own chief consolation is, that Ihad never seen him. Live yourself, I beseech you, for I have seen so much of you, that I can by no means spare you; and I will live as long as it shall please God to permit me : I know you set some value on me, therefore let that promise comfort you! and give us not reason to say, like David's servants, – “We know that it would have pleased thee more if all we had died, than this one, for whom thou art inconsolable.’ You have still Romney, and Carwardine, and Guy, and me, my poor Mary, and I know not how many beside; as many, I suppose, as ever had an opportunity of spending a day with you. He who has the most friends must necessarily lose the most, and he whose friends are numerous as yours, may the better spare a part of them. It is a changing transient scene; yet a little while, and this poor dream of life will be over with all of us— the living, and they who live unhappy, they are indeed subjects of sorrow. Adieu, my beloved friend.
“Ever yours. W. C.”
* In vain has it been, that I have made several attempts to write, since I came from Sussex ; unless more comfortable days arrive than I have the confidence to look for, there is an end of all writing with me. I have no spirits;–when the Rose came, I was obliged to prepare for his coming by a nightly dose of laudanum—twelve drops suffice; but without them I am devoured by melancholy. “A-propos of the Rose His wife in her political notions is the exact counterpart of yourself— loyal in the extreme. Therefore, if you find her thus inclined when you become acquainted with her, you must not place her resemblance of yourself to the account of her admiration of you, for she is your likeness ready made. In fact, we are all of one mind about government matters, and, notwithstanding your opinion, the Rose is himself a whig, and I am a whig, and you, my dear, are a tory, and all the tories now-a-days call all the whigs republicans. How the deuce you came to be a tory is best known to yourself: you have to answer for this novelty to the shades of your ancestors, who were always whigs ever since we
To Samuel Rose, Esq.
Feb. 17, 1795. “I have read the critique of my work in the Analytical Review, and am happy to have fallen into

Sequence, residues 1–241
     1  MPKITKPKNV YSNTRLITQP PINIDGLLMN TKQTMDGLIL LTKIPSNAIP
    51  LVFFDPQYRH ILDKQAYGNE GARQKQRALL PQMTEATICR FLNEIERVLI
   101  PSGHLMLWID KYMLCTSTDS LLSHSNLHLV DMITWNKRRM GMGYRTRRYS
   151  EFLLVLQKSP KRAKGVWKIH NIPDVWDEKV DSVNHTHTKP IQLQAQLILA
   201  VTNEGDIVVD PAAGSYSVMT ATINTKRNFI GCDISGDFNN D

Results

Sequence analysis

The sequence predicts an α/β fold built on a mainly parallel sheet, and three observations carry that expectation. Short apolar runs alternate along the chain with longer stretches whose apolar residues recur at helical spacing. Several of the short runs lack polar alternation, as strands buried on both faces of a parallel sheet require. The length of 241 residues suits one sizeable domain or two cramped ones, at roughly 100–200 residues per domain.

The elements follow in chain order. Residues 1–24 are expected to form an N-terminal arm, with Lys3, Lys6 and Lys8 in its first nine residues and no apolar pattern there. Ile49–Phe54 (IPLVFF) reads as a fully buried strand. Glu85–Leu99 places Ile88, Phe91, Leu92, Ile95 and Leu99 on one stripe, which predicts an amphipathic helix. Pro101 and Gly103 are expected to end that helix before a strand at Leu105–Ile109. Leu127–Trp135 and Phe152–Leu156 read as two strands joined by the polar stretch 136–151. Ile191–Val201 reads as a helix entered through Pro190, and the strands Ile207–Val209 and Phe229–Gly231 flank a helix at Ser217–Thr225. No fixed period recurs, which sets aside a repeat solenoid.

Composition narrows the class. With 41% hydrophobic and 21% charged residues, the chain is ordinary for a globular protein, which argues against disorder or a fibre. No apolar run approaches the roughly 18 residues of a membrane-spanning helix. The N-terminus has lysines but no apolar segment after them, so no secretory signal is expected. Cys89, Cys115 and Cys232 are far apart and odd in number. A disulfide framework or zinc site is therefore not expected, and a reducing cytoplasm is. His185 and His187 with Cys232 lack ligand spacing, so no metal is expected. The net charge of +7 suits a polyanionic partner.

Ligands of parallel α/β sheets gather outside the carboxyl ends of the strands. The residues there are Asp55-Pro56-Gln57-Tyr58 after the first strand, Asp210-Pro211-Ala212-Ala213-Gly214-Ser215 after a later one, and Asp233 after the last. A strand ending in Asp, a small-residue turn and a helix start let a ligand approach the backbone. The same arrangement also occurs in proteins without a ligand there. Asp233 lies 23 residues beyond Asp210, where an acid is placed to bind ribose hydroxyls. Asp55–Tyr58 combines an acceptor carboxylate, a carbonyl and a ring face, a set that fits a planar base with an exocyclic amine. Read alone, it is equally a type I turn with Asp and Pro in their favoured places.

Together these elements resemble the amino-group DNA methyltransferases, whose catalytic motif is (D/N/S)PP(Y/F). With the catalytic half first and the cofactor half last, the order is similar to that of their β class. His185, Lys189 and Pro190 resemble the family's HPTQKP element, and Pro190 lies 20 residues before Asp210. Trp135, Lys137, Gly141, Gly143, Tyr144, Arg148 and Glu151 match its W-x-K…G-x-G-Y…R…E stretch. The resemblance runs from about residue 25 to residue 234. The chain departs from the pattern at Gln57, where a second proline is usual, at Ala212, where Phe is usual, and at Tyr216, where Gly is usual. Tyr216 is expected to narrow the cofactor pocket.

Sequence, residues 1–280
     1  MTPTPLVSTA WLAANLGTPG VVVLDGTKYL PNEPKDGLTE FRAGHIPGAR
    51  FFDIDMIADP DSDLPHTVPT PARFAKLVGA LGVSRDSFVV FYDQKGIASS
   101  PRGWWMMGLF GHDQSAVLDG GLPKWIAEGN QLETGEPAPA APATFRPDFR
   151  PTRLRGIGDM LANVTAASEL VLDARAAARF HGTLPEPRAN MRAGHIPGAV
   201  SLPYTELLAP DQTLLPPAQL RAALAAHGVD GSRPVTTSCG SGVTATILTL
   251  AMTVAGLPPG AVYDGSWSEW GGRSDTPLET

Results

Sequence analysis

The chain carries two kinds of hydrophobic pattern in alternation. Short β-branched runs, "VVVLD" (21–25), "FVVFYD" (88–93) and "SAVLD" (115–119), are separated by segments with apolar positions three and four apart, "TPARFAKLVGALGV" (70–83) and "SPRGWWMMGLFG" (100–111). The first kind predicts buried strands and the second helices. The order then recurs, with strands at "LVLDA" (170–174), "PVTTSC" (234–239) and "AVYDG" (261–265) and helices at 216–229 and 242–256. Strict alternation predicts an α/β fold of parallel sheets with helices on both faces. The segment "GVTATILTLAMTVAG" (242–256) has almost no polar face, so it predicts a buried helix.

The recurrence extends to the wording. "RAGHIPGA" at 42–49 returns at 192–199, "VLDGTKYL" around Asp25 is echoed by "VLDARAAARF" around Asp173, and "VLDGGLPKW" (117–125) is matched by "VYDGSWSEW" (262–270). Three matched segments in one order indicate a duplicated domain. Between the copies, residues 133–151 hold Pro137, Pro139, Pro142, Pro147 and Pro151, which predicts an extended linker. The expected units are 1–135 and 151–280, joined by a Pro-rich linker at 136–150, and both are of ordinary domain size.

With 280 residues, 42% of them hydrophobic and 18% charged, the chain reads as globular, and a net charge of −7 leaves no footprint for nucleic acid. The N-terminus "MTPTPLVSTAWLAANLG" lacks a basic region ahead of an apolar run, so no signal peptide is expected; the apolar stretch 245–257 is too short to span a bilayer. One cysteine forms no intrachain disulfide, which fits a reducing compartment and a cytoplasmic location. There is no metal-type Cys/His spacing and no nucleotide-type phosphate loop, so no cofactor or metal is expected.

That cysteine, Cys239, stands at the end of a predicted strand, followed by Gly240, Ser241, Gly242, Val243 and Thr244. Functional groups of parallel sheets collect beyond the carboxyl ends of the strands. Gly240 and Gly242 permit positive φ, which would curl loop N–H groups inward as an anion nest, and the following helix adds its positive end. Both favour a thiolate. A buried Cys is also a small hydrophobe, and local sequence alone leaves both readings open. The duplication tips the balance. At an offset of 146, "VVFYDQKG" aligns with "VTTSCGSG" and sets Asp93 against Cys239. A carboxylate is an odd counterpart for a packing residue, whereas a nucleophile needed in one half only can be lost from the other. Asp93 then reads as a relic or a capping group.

the hands of a critic, rigorous
enough indeed, but a scholar, and a man of sense, and who does not deliberately intend me mischief. I am better pleased indeed that he censures some thing. than I shoald have been with unmixed commendation, for his censure (to use the new diplomatic term) will accredit his praises. In his particular remarks he is for the most part right, and I shall be the better for them; but in his general ones I think he asserts too largely, and more than he could prove. With respect to inversions in particular, I know that they do not abound. Once they did, and I had Milton's example for it, not disapproved by Addison. But on ’s remonstrance against them I expunged the most, and in my new edition shall have fewer still. I know that they give dignity, and am sorry to part with them, but to parody an old proverb, he who lives in the year minety-three, must do as in the year ninety-three is done by others. The same remark I have to make on his censure of inharmonious lines. I know them to be much fewer than he asserts, and not more in number than I accounted indispensably necessary to a due variation of cadence. I have, however, now, in conformity with
modern taste (over-much delicate,
in my mind) given to the far greater number of them a fiow as smooth as oil. A few I retain, and will, in compliment to my own judgement. He thinks me too faithful to compound epithets in the introductory lines, and I know